The bottom line is that if you’re kids are glued to the box or engrossed in a computer game for more than a couple of hours a day, it is simply not good for their mental health.

Absent parents increases likelihood of mental health problems in kids

We already know that the early years of life are critical for instilling confidence in a child and for setting the child up to be a confident and capable adult and that naturally the parents have a significant role to play in shaping a child’s future. This is common sense.

Now senior psychologist Liu Huaqing with the Beijing-based Huilongguan Hospital is saying that children whose parents are absent or not close to them in the early years of their life are more likely to develop a mental health problem later on in life.

“The experience in the first six years is critical role in the formation of a child’s personality and the sense of security” Xinhua news quotes Liu as saying.

Lui isn’t just talking about parents who are not living with their children but about parents who are leaving their child on a regular basis whilst they go out to work.

This could potentially worry the huge numbers of working parents who leave their children with childminders of some sort, every day, often for a significant period of time.

According to Liu, it is important that mothers spend as much time as possible with their babies, particularly during the first couple of years of life.

These days it is not uncommon for women to want to return to work very soon after giving birth, either through choice or by necessity, and many will feel they have no other option than to send their child to a childminder, or to a nursery.

The Senior Psychologist says that parents should not be sending their child to boarding kindergartens. When parents do have to work, Lui says than when dropping a child off at a kindergarten, they should help their child feel more secure by reassuring them that they will be returning soon and that they’ll be picking them up later.

“That is a process to build mutual trust. Otherwise, children might feel abandoned” said Lui.

Of course any good parent will do that naturally.

Parents are often leaving their child whilst they go to work in order to give them a better standard of living and more opportunities in life. In some cases it may be that the parent is much happier by working and this rubs off on the child.

In any circumstances, if a child appears to be worrying excessively, is becoming anxious, or is feeling insecure and under confident, then it’s important to identify why, and to address it.

Could a 1 minute video, screen young kids for autism?

A new study carried out by the National Institute for Mental Health (NIMH) has identified what could be a simple and inexpensive screening tool for detecting autism in young children.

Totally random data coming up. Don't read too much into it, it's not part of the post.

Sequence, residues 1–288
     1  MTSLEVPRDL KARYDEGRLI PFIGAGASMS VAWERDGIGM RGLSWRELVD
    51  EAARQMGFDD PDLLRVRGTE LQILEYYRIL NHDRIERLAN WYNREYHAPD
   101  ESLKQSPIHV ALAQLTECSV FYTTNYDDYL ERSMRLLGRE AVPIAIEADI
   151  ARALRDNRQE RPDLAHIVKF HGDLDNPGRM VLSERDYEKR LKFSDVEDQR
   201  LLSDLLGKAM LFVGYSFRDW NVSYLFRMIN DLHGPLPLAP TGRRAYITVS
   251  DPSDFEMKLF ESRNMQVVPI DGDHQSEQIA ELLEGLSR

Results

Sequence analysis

Dr Karen Pierce from the University Of California San Diego School Of Medicine and her colleagues showed a group of young children a 1 minute video showing geometric patterns in the form of a computer screen saver on one side of a monitor, and a clip of children involved in social movement (yoga and dancing) on the other side.

The aim was to find out whether very young children with an Autistic Spectrum Disorder (ASD) focussed more on the geometric patterns or on social movement, and whether an ASD could be predicted.

The study, which has been published in the September 6th Edition of the Archives of General Psychiatry, involved 110 young children between the ages of 14 and 42 months.

Of these children, 37 had an autistic spectrum disorder (ASD) and 22 were classed as developmentally delayed (DD) but did not actually have an ASD. The remaining children were free from autism and had a typical development (TD).

What the researchers found was that 40 percent of the children with ASD spent more time focussing on the geometric patterns than on social movement. Almost 10 percent of the DD kids focussed on the patterns more and just less than 2 percent of the kids with a typical development.

They also found that if a child spent more than 69 percent of the time focussing on the geometric patterns, an Autistic Spectrum Disorder could be predicted 100 percent of the time.

Eye tracking equipment was used to follow the line of gaze of the children and although the children did switch their gaze from one side to the other, those with ASD showed less eye movement when looking at the patterns and showed more frequent eye movement than the other kids when looking at the images children in the social video.

A follow up of 41 of the kids which took place 8 months later showed that the way they originally viewed the videos hadn’t really changed.

The results indicate that a preference for geometric patterns over social movement and how long they gazed at the geometric patterns could offer an inexpensive and easily used screening tool for ASD.

The study concluded that “a preference for geometric patterns early in life may be a novel and easily detectable early signature of infants and toddlers at risk for autism”.